If an aloof, independent cat is what you're craving, this breed isn't for you. Bombays are attached to their family, and tend to love the entire family rather than bond with only one person. Fanciers say they are particularly good with children.
They want constant attention, although they are gentle and polite in their attempts to gain your notice. When you sit down, don't be surprised to find your Bombay sitting beside you moments later. Curious and intelligent, Bombays love to play, but are not as rambunctious as some breeds. Generally, they are not as vocal as the Oriental breeds.
Bombay Cat Breed Traits
Black to the roots, the Bombay's coat invites caressing with its fine, satinlike texture and shimmering 'patent leather' sheen. Bombays develop slowly, gaining their eye color and gleaming coat well after they are four months old. Some prospective buyers tend to think the kittens look rather ordinary. Bombays, like fine wine, seem to improve with age.
Interested in the history of the Bombay cat breed?
The Bombay was created in the 1950s by the late Nikki Horner, an American breeder who wanted to develop a cat that possessed the conformation of the Burmese but with a sleek black coat and copper eyes instead of brown fur and yellow eyes, sort of a pint-sized panther. She named the breed after Bombay, India, land of the black leopard. She first attempted to breed a female Burmese to a black American Shorthair. The results were disappointing; they looked more like poor American Shorthairs than anything else.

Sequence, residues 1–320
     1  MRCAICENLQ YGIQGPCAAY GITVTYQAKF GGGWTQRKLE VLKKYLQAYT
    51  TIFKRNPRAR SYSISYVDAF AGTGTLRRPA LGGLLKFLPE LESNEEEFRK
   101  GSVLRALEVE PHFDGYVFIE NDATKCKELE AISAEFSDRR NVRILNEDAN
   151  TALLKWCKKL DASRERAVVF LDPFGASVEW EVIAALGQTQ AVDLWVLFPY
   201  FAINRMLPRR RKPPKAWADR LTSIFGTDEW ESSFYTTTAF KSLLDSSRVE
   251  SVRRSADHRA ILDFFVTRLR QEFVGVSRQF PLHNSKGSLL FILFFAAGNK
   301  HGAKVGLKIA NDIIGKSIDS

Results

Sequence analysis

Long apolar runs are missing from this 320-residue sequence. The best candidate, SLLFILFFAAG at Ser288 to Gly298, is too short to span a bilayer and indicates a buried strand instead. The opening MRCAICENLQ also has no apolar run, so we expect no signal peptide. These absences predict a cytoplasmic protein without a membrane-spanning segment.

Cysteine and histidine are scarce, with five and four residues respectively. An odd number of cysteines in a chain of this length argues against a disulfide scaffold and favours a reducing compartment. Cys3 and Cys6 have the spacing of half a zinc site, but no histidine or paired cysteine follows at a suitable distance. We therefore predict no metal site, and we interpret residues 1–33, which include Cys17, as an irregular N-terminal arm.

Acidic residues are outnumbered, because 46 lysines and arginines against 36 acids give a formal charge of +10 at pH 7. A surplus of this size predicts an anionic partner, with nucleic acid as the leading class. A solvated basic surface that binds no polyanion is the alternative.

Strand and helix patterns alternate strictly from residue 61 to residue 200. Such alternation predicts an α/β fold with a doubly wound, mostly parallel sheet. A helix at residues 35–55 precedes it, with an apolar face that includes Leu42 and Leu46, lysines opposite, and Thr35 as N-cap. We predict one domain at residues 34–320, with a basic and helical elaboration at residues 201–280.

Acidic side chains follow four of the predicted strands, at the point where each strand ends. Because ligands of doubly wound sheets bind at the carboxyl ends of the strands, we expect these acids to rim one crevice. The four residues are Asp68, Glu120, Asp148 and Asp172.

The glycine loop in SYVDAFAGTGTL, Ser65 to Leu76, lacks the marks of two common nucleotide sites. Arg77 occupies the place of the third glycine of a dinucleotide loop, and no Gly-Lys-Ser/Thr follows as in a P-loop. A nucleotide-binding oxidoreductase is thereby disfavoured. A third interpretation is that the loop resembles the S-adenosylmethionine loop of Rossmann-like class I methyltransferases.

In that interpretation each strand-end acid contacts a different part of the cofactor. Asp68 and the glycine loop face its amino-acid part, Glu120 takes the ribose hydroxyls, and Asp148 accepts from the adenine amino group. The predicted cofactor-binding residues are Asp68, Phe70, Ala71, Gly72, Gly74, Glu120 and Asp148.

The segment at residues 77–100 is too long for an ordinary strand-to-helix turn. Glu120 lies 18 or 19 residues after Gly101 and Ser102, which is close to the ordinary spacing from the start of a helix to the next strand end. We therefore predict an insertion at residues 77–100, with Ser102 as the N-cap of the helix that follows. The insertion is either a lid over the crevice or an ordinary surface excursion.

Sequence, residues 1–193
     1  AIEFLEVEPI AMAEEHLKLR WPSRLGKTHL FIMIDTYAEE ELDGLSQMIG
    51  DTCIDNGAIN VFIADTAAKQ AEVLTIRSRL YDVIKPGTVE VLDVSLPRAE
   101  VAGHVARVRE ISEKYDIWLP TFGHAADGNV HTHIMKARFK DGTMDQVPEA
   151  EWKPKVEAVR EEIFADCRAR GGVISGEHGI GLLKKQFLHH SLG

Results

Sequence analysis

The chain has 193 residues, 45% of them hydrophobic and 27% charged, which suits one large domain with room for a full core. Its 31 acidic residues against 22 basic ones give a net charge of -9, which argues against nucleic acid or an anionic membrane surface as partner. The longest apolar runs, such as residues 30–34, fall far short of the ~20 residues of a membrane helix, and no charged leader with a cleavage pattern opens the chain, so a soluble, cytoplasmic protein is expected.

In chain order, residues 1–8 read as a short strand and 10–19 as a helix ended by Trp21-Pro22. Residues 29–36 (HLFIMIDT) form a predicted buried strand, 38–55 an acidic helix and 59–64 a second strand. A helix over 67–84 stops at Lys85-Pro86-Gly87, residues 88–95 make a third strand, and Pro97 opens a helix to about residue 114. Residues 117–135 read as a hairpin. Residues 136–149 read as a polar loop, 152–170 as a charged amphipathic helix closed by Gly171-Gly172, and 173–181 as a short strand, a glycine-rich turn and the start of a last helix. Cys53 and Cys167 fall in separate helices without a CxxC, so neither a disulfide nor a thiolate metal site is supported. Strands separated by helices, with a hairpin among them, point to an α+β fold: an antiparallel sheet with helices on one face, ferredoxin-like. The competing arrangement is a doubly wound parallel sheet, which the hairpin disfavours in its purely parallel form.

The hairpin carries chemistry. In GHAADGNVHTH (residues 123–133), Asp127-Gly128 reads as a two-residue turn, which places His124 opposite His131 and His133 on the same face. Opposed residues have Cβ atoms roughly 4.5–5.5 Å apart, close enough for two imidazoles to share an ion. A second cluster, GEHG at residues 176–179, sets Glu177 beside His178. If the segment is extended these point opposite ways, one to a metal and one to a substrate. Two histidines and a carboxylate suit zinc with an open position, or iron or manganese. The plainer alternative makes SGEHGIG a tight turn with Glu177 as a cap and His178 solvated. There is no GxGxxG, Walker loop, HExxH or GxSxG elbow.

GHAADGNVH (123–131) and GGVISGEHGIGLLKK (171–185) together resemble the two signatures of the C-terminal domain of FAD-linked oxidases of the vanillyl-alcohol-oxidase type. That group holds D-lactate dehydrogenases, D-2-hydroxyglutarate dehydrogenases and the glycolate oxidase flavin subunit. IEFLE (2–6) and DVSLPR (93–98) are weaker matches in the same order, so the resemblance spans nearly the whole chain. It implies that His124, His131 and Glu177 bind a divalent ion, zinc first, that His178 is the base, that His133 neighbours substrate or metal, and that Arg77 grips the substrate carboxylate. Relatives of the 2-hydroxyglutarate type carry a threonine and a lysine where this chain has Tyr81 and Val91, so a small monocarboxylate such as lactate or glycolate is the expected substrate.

For her second try Horner chose her breeders and cats more carefully. She shopped around until she found a black American Shorthair male that had the rich eye color she wanted and bred him to one of her best Champion Burmese. After much trial and error, Horner finally produced the results she was looking for: a cat with the conformation and short polished coat of the Burmese, and the American Shorthair's copper-colored eyes and black color.
Creating a breed, even one as striking as the Bombay, doesn't mean cat fancy acceptance, however. Horner found that the Burmese breeders and the cat associations weren't overly willing to accept her new kid on the block. Since the breed had not been accepted for Championship, Horner had no Champion cats with which to catch the attention of the cat-acquiring public.
It wasn't until 1970 that the breed was accepted for registration by the CFA. Advancing from registration to provisional status meant Horner had to form at least one breed club and register 100 examples of the breed. Eighteen years after Horner began her efforts, the breed gained eligibility to compete in the Championship classes on May 1, 1976. While still currently rare (in 1996, the CFA registered only 91), the breed has a dedicated following.